The Potential for Computer Tutors to Assist Students Learning to Solve Complex Problems  Engineering education includes significant attention to problem solving skills, withstudents gradually confronting problems of increasing complexity. Even within anysingle fundamental engineering science course, which addresses a limited set of concepts,students must learn to solve problems that require coordinating and organizing multipleparts. To solve, the student needs to decompose a problem into inter-related sub-problems, define variables of different types, carry out analyses of sub-problems, andfinally combine and interpret the results. Problems typically have multiple pathways tothe correct answers; students should be granted considerable latitude in constructing apathway.In general, formative assessment, that is feedback to students enabling them to revise andrefine their understanding and actions, can significantly promote learning. Formativeassessment can be provided through in-class activities, and also through computer-basedinstruction outside of the classroom. This paper addresses the issue of providingformative feedback for students confronting complex problems that involve significantlatitude in decomposition and construction of solutions. Traditionally, students solvecomplex problems as part of written homework assignments that are hand graded. In suchcircumstances, offering effective formative assessment is exceptionally challenging,requiring careful attention to solution details and rapid, rather than weeklong, turnaround.Furthermore, since later work builds upon earlier work, grading of a completed solutionoften involves judging off-path steps that may be irrelevant to the intended learning ormay build upon prior incorrect work.The research questions this paper seeks to answer are: (1) Under what circumstances isautomated, formative assessment on complex problem solving possible, (2) What metricsallow us to judge whether the feedback indeed promotes learning, and (3) On what basiscan we target ongoing improvements to the formative assessment offered?We address these questions in the context of a test case: a tutor to help students in staticslearning to solve truss problems. Trusses exemplify complex problems: students selectmultiple portions of the truss, draw free body diagrams, write down appropriateequilibrium equations for each diagram, organize the solving of equations, and interpretresults physically in terms of the original truss. Mastery requires clarity, systematicorganization, as well as conceptual and mathematical competence. Building on a catalogof typical errors, a computer interface was created where correct steps and typical errorsin solving truss problems can be executed with wide latitude to pursue solution paths.The tutor reflects careful trade-offs between granting latitude to the solver and retainingability to interpret work. The student can solve unimpeded until errors are made that caninterfere with future solving steps; feedback is then offered which enables students tocorrect their errors. Through task analysis, steps hypothesized to involve the samecomponents of knowledge have been grouped, and data is collected on the fly of attemptsto apply the different knowledge components. Statistical models are used to determinewhether errors in using different knowledge components decrease in frequency withpractice. The determined learning rates give insights into whether feedback is effectiveand can inform future improvements in the tutor.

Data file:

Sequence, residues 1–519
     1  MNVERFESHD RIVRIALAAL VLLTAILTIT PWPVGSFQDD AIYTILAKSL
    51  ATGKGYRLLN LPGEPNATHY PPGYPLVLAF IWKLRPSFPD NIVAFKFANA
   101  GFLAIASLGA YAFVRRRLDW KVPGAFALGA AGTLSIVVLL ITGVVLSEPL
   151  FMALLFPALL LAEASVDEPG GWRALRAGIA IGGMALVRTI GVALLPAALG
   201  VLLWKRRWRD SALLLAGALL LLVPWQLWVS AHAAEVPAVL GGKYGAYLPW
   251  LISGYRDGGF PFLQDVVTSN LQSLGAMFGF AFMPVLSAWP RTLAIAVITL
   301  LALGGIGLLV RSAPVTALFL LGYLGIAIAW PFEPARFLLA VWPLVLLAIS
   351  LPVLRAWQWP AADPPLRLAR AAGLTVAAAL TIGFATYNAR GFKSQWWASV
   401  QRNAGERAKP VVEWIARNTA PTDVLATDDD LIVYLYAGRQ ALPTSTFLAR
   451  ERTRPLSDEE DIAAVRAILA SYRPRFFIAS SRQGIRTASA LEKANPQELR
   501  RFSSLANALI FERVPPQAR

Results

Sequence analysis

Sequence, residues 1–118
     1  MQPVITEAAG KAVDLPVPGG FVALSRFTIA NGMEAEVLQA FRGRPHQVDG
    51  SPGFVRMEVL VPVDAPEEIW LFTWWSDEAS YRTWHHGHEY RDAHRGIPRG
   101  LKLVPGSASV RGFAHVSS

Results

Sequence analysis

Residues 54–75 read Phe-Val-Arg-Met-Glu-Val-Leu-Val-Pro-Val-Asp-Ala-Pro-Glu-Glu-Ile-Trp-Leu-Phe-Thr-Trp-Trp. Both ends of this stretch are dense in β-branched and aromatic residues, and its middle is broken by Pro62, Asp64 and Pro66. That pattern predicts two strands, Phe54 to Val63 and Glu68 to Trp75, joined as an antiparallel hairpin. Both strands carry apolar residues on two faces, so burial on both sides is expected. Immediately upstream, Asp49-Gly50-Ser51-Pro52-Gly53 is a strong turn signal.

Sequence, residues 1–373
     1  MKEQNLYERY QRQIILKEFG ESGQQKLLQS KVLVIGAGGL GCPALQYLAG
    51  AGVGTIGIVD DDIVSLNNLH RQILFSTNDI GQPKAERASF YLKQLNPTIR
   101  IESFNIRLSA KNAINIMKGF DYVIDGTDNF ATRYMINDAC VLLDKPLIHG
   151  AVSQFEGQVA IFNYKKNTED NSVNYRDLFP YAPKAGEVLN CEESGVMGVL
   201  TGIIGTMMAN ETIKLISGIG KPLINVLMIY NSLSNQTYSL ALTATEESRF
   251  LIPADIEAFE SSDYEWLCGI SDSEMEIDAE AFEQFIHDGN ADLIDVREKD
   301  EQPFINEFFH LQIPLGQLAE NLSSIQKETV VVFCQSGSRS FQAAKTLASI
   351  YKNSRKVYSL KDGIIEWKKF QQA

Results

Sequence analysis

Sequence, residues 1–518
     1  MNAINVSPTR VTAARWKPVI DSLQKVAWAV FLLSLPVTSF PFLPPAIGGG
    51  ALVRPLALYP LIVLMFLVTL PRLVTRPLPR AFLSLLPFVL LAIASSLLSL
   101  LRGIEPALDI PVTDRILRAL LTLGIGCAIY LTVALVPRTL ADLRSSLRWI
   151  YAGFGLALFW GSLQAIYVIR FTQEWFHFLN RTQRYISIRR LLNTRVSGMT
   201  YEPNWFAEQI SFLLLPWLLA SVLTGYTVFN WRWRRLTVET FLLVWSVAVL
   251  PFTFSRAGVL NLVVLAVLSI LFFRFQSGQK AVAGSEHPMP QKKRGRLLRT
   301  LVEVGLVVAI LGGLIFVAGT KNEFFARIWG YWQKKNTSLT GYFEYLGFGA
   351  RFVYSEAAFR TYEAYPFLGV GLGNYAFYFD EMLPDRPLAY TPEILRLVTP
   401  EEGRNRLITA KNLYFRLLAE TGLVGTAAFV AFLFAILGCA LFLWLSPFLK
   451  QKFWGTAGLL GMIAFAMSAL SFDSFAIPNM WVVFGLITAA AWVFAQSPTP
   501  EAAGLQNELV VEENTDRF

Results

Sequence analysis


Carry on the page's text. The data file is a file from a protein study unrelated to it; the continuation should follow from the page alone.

Steif, P. S., & Fu, L., & Kara, L. B. (2014, June), The Potential for Computer Tutors to Assist Students Learning to Solve Complex Problems Paper presented at 2014 ASEE Annual Conference & Exposition, Indianapolis, Indiana. https://peer.asee.org/23172

ASEE holds the copyright on this document. It may be read by the public free of charge. Authors may archive their work on personal websites or in institutional repositories with the following citation: © 2014 American Society for Engineering Education. Other scholars may excerpt or quote from these materials with the same citation. When excerpting or quoting from Conference Proceedings, authors should, in addition to noting the ASEE copyright, list all the original authors and their institutions and name the host city of the conference. - Last updated April 1, 2015